Wondering how Apple’s iOS5 and the iCloud will affect your life? Check our recent slide deck that tackles some potential challenges as Apple gets ready to roll out their newest creation. In this deck, you’ll learn:
- What is key
- iOS5 idealism and reality
- The good news and bad news
- What do do and not do
As always, we’re here for discussion. Follow Brent Huston on Twitter to engage even more!
Brent Huston shares his thoughts on the upcoming iOS5 and Apple’s iCloud.
Click here to listen
Apple Mac OS X 10.5 and 10.4 ARDagent (Apple Remote Desktop) contains a vulnerability that allows local users to gain root privileges through an AppleScript command. This issue was first presented last month, but now there are indications that this vulnerability is being actively exploited to install malicious software on target systems. Because this vulnerability is so easy to exploit, and allows root access, there is a potential for a lot of bad things to land on the system, such as rootkits.
At this time there has been no patch provided by Apple. Users are cautioned to only run trusted AppleScripts, and only install trusted applications.
A new OS X Trojan has been spotted in the wild. The Trojan has been given the identifier “TheOSX/Hovdy-A”, and can perform somewhat advanced attacks against an infected machine. The Trojan takes advantage of a recent escalation exploit within applescript to gain root access to the machine. Once root, the Trojan can manipulate the firewall, steal passwords, and disable security settings. As OS X becomes more popular, we can expect to see more malicious software aimed it. Don’t assume that you’re safe just because you’re on a Mac, follow all of the precautions that your would with any other OS and practice safe surfing!
Versions of Safari that are earlier than 3.1.1 for both MacOS and Windows contain Cross Site Scripting vulnerabilties. See Apple’s original advisory at: http://support.apple.com/kb/HT1467
Apple has released an update to OS X 10.5. The update addresses a broad spectrum of issues which could allow for a range of compromises ranging from Denial of Service to illicit remote access to the execution of arbitrary code. Some of the specifically identified vulnerabilities include problems with URL handling in Mail and the Safari browser, a buffer overflow in Samba and unspecified problems in NFS. For full details please see Apple’s original advisory at:http://docs.info.apple.com/article.html?artnum=307430
The hits just keep coming! Apple has released another version of Quicktime this time around multiple vulnerabilities that may allow arbitrary code execution have been addressed. These include:
An unspecified handling error in the processing of Sorenson 3 video files.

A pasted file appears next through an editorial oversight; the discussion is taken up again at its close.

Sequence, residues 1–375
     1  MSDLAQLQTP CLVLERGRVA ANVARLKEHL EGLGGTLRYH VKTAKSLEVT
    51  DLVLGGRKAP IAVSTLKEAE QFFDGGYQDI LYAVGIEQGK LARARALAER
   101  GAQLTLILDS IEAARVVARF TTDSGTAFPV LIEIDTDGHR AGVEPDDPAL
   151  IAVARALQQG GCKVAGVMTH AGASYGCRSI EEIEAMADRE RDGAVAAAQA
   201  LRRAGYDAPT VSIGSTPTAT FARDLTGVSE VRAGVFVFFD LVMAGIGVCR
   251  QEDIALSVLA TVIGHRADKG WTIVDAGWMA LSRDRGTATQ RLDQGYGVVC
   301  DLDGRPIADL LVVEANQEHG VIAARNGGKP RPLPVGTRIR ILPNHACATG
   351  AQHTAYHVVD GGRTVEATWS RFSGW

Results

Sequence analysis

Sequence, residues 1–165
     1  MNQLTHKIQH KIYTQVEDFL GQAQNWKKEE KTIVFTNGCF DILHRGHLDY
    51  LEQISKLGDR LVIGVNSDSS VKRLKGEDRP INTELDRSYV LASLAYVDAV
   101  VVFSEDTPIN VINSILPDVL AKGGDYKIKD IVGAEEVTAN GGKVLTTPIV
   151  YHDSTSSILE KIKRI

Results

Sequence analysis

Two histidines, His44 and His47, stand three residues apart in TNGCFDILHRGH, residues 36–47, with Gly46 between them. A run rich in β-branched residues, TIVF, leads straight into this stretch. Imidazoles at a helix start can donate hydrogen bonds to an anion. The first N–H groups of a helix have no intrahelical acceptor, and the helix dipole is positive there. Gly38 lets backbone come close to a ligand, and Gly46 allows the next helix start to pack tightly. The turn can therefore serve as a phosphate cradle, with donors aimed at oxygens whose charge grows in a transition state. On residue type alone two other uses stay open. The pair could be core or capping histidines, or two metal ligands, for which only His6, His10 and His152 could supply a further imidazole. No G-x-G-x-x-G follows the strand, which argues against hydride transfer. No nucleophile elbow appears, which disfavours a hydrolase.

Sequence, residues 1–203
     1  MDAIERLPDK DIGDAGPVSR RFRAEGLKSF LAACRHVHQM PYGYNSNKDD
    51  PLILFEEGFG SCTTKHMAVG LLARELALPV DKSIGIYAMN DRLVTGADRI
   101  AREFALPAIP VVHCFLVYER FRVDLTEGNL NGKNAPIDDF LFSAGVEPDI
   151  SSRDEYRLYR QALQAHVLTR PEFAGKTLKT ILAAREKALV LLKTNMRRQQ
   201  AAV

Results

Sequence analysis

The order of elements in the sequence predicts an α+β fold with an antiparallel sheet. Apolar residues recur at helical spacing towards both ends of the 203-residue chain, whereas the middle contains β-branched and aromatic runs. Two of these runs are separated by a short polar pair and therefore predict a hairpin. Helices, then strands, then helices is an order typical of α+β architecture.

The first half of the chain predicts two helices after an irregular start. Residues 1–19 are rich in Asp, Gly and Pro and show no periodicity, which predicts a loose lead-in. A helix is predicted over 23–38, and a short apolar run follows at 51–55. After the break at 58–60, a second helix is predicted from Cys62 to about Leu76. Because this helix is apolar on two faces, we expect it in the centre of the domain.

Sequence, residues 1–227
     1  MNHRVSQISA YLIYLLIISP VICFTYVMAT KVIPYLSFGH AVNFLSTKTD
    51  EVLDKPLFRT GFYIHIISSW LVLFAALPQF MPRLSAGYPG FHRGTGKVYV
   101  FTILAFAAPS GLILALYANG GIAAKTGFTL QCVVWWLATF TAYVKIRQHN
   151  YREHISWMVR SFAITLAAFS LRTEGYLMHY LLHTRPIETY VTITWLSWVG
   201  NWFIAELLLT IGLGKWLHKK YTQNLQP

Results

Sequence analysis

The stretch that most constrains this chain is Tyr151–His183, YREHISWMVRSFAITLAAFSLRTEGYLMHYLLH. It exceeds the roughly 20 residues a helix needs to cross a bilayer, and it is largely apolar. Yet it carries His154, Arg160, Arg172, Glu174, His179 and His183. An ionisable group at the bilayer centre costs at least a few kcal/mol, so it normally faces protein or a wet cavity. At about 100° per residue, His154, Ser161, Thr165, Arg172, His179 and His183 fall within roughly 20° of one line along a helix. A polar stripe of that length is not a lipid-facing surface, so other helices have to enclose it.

An error in the processing of embedded Macintosh Resource records within QuickTime movies.
Parsing errors of malformed Image Descriptor (IDSC) atoms.
A boundary error in the processing of compressed PICT images.
We recommend that everyone upgrade to QuickTime 7.4
See Apple’s full advisory at:
Apple has released QuickTime 7.3.1 to address several vulnerabilities. These include the buffer overflow in RTSP, a heap buffer overflow found in QuickTime’s handling of QTL files and vulnerabilities which exist in QuickTime’s Flash media handler. Updates are available for: Mac OS X v10.3.9 or later, Windows Vista, and XP SP2. The relevant CVEs are CVE-2007-6166, CVE-2007-4706 and CVE-2007-4707 respectively.
In a pretty rare occurrence, a remote buffer overflow in OpenBSD has been identified. The vulnerability exists in “dhcpd”, the DHCP daemon, and allows denial of service and arbitrary code execution on 4.0 – 4.2. This issue was originally published in May, but new developments have been made in refining the exploits and in details about the issue. Patches are available, and should be installed as soon as possible.
Apple updated QuickTime to fix several identified issues, including some security problems. The updates are now available, and if you use the Apple update service, you should get them applied automatically. The big problem repaired in this release is a heap overflow that can be used to seize control of machines. We mention this update because QuickTime is one of those pesky applications that seem to turn up everywhere, in many organizations. It would likely be wise to check not only workstations, but also any servers that are used in training, multi-media or presentations. QuickTime seems to be a common tool for these mechanisms.
Lastly, Solaris 10 systems have proven to be vulnerable to a new buffer overflow in the monitoring package “srsexec”. This is installed in many Solaris systems, especially those leveraging the centralized console management and administrative console applications. Attackers with local access to the Solaris system can exploit this issue to execute arbitrary code as “root”, since the binary is suid by default. Patches are already available and should be applied as soon as practical.